When it comes to the financial services sector, there is no such thing as bad news

LONDON – The eurozone’s second-largest economy has seen a drop in investment in its banking sector, amid growing fears about the country’s credit ratings.

The decline has forced banks to lay off staff and cut back on investment in their own businesses, and in some cases they have begun to sell their assets.

The head of one of Europe’s biggest banks, J.P. Morgan, said the industry has been hit hard by the economic crisis and has had to cut costs.JPMorgan said it had cut spending by 2.3% for the three months to March 31 compared with a year earlier.

The bank said its total headcount has been cut by 10,000 workers since March 2015.

The drop in banking investment in the euro area’s third-largest country, France, was seen as a sign that economic growth will slow this year.

A spokesman for the European Central Bank said it has seen an increase in its own funding from banks in the area.

The ECB said in March it would begin offering credit cards and other goods and services to its customers in the region, where there is less competition.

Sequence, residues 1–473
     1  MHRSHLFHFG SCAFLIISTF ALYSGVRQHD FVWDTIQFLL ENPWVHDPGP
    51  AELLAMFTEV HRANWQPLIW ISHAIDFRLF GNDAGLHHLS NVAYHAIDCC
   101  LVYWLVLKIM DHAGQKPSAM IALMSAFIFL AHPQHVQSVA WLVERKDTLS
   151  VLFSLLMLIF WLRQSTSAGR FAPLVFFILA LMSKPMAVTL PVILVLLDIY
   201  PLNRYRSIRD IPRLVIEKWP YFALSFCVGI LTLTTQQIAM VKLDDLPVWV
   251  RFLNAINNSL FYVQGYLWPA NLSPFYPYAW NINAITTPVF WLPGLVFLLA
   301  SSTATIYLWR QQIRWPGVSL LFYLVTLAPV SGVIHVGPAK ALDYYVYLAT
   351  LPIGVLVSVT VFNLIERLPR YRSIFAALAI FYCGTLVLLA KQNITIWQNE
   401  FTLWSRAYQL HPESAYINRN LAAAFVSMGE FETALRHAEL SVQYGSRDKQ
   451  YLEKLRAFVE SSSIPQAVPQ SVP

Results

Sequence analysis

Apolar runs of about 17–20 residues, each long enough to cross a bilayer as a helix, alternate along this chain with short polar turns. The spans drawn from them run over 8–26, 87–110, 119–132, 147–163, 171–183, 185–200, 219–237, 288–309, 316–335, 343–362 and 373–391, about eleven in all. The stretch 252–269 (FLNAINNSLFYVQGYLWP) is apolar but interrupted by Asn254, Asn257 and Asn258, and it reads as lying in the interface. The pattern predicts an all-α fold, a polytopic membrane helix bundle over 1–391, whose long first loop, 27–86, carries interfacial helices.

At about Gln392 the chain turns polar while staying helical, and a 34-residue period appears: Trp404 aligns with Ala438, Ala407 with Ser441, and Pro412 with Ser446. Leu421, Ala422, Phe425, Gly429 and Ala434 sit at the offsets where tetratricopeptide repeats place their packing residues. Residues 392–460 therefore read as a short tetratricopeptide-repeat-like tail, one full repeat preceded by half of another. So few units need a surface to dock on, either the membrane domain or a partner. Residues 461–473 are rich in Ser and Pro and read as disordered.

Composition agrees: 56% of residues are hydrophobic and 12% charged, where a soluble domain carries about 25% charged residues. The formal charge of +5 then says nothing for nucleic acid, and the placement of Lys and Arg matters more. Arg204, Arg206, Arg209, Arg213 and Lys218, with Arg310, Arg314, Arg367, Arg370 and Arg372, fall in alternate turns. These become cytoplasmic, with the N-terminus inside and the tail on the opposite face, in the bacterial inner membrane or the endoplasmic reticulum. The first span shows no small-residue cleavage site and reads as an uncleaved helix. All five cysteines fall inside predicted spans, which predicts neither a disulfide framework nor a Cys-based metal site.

But the central bank said it could not say whether it is offering the new products to all customers or only those who had previously made deposits in the European region.

In recent months, France has seen growth slow and inflation rise as a result of the eurozone crisis.

It has been struggling to cope with a ballooning deficit of nearly 2% of GDP.

The economy shrank by 0.4% in the third quarter of this year, compared with an estimated 0.6% contraction in the previous quarter.

The government is planning to spend 1.3 billion euros ($1.8 billion) on a package of measures this year to shore up the economy and tackle the eurozone debt crisis, including cutting public sector wages and reducing benefits.